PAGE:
User Experience (UX) experts are divided on the matter. One camp sees remote user testing
as a Holy Grail of sorts, given that is more cost-effective, allows access to a much greater pool of potential participants to recruit, and avoids a host of hassles, from transport issues to scheduling the flow of participants to the testing space3
. The other camp believes face-to-face testing cannot be undervalued for the nuances it reveals in user behaviour. The reality is that Covid-19 leaves us no choice: user-centred design must find ways to adapt to remote testing and research.
Illustrations done by or sourced by: Nikita Golubev and Freepik
Things may not, however, be so black and white. A middle road that has been suggested by some in the field - including a Joburg-based UX design company Experio4
- is finding ways to conduct user testing and research with as much caution as possible. Testing spaces are highly sanitised, masks are worn, and conversations with users are held through Perspex screens. The upside is that in-person testing and interviews can take place, but at what cost? It could be argued that screens and strict hygiene measures, while a necessity, put some participants on edge and interrupt the rapport that is vital for establishing a relationship between researcher and participant.
Without the benefit of being able to observe a user in as relaxed and ‘normal’ a state as possible, some view remote testing as preferable over the ‘face-to-face with caution’ alternative. This isn’t, however, the end of the discussion around this approach. As design expert Nick Bowmast5
outlines, the UX community needs to keep in conversation by sharing research, reflecting on experiences from the field, and documenting what’s been learned to arrive at best practice approaches. After all, if there’s any industry that understands how iterative processes work, it’s user-centred design6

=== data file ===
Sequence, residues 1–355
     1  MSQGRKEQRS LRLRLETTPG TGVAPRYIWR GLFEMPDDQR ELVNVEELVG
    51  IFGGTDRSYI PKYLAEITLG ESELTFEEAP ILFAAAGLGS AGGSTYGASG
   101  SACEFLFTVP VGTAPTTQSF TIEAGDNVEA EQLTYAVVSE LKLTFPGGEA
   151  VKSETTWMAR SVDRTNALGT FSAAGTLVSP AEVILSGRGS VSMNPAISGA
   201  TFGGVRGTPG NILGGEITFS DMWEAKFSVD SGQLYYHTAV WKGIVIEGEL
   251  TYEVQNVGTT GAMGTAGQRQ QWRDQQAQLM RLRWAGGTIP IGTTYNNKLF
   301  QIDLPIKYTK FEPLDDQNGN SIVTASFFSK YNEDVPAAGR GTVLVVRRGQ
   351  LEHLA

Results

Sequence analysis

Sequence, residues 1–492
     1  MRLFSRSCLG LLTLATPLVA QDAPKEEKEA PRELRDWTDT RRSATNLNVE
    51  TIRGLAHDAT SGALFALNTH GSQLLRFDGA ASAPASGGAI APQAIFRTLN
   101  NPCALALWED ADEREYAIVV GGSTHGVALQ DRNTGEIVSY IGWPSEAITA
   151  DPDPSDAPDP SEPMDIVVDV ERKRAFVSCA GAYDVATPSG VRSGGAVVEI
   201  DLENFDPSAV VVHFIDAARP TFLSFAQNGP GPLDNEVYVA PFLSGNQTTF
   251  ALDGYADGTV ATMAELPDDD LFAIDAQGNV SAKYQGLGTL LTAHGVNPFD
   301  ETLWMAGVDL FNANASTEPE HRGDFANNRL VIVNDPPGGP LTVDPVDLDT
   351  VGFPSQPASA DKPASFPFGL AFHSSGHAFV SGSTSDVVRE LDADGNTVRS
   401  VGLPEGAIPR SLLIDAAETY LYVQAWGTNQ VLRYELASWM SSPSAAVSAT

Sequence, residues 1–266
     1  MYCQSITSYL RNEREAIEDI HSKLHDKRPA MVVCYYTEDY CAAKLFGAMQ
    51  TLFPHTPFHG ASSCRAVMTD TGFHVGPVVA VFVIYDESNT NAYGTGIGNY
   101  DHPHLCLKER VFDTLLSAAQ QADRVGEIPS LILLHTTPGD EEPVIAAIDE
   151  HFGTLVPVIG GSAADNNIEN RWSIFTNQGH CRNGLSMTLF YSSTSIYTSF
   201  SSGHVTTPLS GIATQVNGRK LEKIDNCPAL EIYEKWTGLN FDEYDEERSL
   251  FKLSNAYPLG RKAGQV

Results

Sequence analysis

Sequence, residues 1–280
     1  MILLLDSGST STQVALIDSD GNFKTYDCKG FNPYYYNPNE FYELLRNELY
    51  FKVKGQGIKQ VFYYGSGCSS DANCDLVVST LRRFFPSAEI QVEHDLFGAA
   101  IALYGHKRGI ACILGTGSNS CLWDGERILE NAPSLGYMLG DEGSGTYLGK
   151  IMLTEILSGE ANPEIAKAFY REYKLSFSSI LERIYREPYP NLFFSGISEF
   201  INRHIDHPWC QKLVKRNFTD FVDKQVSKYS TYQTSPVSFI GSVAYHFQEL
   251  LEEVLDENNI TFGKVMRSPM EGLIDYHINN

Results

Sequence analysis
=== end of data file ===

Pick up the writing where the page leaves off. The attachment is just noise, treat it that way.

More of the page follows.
So we’re back where we started: with no choice but to embrace remote usability testing, but making the best of the situation. One way to make the most is to take the hint from Nick Bowmast and use this time to study remote testing itself and share those findings. If you hadn’t guessed yet, that’s what the rest of this article will summarise: how the team at one Cape Town-based UX and design-thinking company has approached remote testing and what they’ve learnt.
That company is How Might We
, who over the course of lockdown have completed over forty remote user research sessions 7
, each of approximately one hour and all testing digital products from the healthcare, insurance and investment sectors. Testing falls under two umbrella categories: usability testing8
(can customers find the buttons on your app, for example) and ethnographic research9
(how your digital products interface with the motivations, beliefs and cultural tensions of your users, for instance).
Let’s begin with a case study that looks at ethnographic research for a funeral cover product aimed at individuals from lower-resource settings. Testing was conducted entirely over mobile to reach participants without desktop access. The first snag was smartphone penetration, which prevented the research from engaging with a host of intended users. Second, due to varying degrees of connectivity, it was necessary to send participants mobile data. This also necessitated inviting more participants than required, since a few dropped off due to connectivity failures.